Join our 60-minute program, led by Michelle Coussens, to learn how to restore business operations and help your team resume activities  – while leveraging recent lessons learned. We’ll discuss how to:

  • Restore business operations after full or part-time shut down
  • Transition your remote workers back on-site
  • Prepare for a potential resurgence of the virus or other potential crises
  • Incorporate lessons learned from the current crisis and keep the advances going

Sign up here.

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Maryland Return to Work Guidelines

For weeks, many states issued mandatory stay-at-home orders to help combat the coronavirus (COVID-19) pandemic. 

Maryland Gov. Larry Hogan said the Maryland Strong: Roadmap to Recovery plan is designed to get Maryland moving again as quickly as possible in a safe, gradual and effective way. No firm dates have been set.

Hogan has released a plan that outlines how to reopen the state in three stages and has estimated that the first phase could happen soon.

When Maryland employers do reopen and employees return to work, they are under strict guidelines to keep their people safe onsite. 

It’s a new world, really.

No more chats around the water cooler with co-workers, unless everyone stays six feet apart, wears a disposable mask and uses hand sanitizer — frequently.

“Leaders must provide government recommended provisions, such as masks, sanitizers and personal protective equipment (PPE), as well as implement social distancing for the wellness and safety of on-site employees,” Deborah Alvord, Senior Director Analyst in Gartner’s Customer service and support practice.

Here are the essential steps Maryland employers must take to assure their people can perform critical roles while staying healthy onsite:

Steps for Safeguarding On-site Employees

Hand-washing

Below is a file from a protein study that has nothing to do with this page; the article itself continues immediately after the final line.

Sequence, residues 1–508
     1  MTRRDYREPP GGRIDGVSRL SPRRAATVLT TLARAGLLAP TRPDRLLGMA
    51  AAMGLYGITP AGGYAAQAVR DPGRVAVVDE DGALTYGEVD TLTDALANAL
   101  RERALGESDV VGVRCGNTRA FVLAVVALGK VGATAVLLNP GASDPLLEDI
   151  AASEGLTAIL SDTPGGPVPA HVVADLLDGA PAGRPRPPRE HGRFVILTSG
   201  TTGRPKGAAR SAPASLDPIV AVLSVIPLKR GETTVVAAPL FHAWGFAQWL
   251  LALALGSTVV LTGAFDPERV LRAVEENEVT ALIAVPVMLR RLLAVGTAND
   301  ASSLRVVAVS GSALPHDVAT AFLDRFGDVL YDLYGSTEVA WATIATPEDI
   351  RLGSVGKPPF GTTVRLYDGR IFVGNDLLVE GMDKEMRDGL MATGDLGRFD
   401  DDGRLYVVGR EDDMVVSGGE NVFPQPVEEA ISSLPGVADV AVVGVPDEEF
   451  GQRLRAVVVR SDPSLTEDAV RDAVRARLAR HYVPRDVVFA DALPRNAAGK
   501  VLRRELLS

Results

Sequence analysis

Provide employees access to regular handwashing with soap, hand sanitizer and disinfectant wipes and ensure that common areas (including but not limited to break rooms, locker rooms, dining facilities, rest rooms, conference or training rooms) are cleaned on a regular basis, including between any shifts.

Provide Masks

Provide masks for employees to wear during their time at the business, and make it a mandatory requirement to wear masks while on the work site, except to the extent an employee is using break time to eat or drink, in accordance with the guidance from the Department of Health and the CDC.

Make Space

On-site employees should follow the social distancing six-feet rule and all other CDC guidelines while in the workplace.

No Visitors

Allow only necessary employees in the office. Restrict deliveries – from essential supplies like masks and hand sanitizer.

Meet Remotely

When onsite employees must meet – for shift huddles, brainstorming, etc. –use Zoom, Google Hangouts, GoToMeeting and Skype For Business.

Redesign

Add partitions where needed and raise cubicle walls. Add plexiglass dividers in common areas, such as the break room, so people can still sit six feet apart and interact safely. In more open-space areas, such as manufacturing and warehousing facilities, mark six-foot positions with brightly colored duct tape so employees always have a sense of a safe distance to maintain from each other.

Make Sure Your Workplace Stays Compliant

In response to the Coronavirus outbreak, the U.S. Department of Labor issued the Families First Coronavirus Response Act. This act requires certain employers to provide employees with paid sick leave or extended FMLA leave for reasons related to COVID-19.

The FFCRA poster must be posted in a conspicuous area. You can shop the required poster here:

  • 2020 FFCRA: Employer Paid Leave Requirements
  • 2020 FFCRA: Federal Employer Paid Leave Requirements

Additionally, Maryland is required to post their specific labor law posters.

After COVID-19: Getting Your Business & People Back On-track
Tuesday, May 26th, 1PM | Live & On-Demand

Join our 60-minute program, led by Michelle Coussens, to learn how to restore business operations and help your team resume activities  – while leveraging recent lessons learned. We’ll discuss how to: